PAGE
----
Though it is somewhat morbid to think about, death faces all of us and along with it, funeral planning and costs. According to Liverpool-based startup Koffin, funeral costs have gone up over 70% in the past 10 years. These high costs, along with the unsustainable nature of traditional coffins were what inspired artist Gina Czarnecki to found Koffin, a company dedicated to creating sustainable, 3D printed eco-coffins.
The eco-coffins, which have been in development for four years, have been supported by LCR 4.0, a Liverpool business program funded in part by the European Regional Development Fund, and Sensor City, a local innovation hub for sensor technology.
At this stage, Koffin reports that it is ready to create its first batch of the 3D printed eco-coffins, which could offer a more sustainable and affordable solution for burials than what is currently on the market.
The eco-coffins developed by the startup are made from a lignin-based polymer which is 100% biodegradable. Further, they can be made without any glues, metals or toxins, so they won’t have a negative impact on the soil they are buried in. According to Koffin, its products create about as much CO2 as natural wood when burnt or buried.
In addition to being more sustainable, the coffins can also be fully customized. That is, customers can personalize their coffin with different colours, photographs or hand-written messages. It is also possible to customize the caskets with 3D printing, creating different shapes and decorations to be added.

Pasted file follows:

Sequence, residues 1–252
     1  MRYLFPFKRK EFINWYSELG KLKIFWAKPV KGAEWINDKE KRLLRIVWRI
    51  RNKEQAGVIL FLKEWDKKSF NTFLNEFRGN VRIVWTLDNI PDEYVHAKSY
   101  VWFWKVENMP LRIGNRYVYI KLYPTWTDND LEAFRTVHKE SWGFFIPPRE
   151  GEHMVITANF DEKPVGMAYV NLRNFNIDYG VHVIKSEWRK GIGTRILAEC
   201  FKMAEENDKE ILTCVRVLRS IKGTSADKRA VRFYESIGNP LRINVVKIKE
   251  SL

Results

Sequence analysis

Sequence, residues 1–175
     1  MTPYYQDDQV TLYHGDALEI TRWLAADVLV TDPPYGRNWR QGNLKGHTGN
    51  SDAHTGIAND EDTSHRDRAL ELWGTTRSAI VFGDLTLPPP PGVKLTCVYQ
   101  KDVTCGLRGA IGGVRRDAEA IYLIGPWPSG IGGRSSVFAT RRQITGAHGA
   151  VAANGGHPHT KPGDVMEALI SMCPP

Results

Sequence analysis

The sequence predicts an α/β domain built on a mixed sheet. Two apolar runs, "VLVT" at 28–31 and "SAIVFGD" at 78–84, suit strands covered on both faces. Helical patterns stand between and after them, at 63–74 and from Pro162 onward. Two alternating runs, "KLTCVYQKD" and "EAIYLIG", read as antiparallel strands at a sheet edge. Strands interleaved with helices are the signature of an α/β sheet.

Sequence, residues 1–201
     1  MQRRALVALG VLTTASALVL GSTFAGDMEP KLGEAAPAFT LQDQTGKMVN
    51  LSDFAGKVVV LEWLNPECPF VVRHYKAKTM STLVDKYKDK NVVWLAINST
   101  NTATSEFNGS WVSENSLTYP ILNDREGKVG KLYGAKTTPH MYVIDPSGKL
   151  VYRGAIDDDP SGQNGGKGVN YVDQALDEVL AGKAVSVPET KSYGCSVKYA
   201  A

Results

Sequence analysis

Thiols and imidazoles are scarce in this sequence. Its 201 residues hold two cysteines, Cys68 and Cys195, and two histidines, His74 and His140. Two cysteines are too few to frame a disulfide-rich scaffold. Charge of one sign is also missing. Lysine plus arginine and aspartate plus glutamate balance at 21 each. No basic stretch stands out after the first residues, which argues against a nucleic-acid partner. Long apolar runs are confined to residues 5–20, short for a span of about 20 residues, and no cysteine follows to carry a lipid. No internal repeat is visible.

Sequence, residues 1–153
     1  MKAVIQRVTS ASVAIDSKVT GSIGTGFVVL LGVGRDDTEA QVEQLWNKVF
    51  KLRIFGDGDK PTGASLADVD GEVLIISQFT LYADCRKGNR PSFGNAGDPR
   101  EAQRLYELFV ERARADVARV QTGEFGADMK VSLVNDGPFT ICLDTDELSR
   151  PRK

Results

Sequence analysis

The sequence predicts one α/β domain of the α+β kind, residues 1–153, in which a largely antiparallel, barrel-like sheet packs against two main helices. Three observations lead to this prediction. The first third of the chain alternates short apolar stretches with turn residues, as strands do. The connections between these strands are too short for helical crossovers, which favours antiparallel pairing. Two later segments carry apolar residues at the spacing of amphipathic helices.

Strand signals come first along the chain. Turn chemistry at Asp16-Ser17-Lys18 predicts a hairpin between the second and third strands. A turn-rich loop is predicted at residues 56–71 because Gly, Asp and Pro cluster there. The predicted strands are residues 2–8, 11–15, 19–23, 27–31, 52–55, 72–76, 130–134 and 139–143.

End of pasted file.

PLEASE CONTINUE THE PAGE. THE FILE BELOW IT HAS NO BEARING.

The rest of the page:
“Funeral prices are increasing drastically, and people deserve the right to a personalised send-off that isn’t going to break the bank,” said Gina Czarnecki, founder of Koffin. “Planning a funeral can be a difficult time, but we’ve found that having something tangible to take control of and make your own improves people’s wellbeing and peace of mind. The work with LCR 4.0 has enabled us to test our design that creates a cost-effective alternative that emits less CO2 emissions than a natural plant.”
The partnership with LCR 4.0 enabled Koffin to explore the use of additive manufacturing to customize the eco-coffins while it teamed up with Sensor City to confuse finite element analysis (FEA) tests to determine the optimal material and structure for the caskets (they need to withhold a certain amount of pressure when buried).
Jaime Mora-Fernandez, LCR 4.0 product design engineer at Sensor City, commented: “Koffin is unlike any other start-up that we’ve helped to date. The work carried out illustrates how new technologies can help businesses in a wide variety of sectors transform the way they approach the design and manufacturing process.”
As part of a marketing ploy, Koffin will be displaying a series of 20 caskets in Liverpool starting on November 1st. The eco-friendly coffins will be on show at the Oratory, next to the Angelican Cathedral. The startup also plans to launch a Kickstarter campaign in the near future to raise money for bringing its product to market.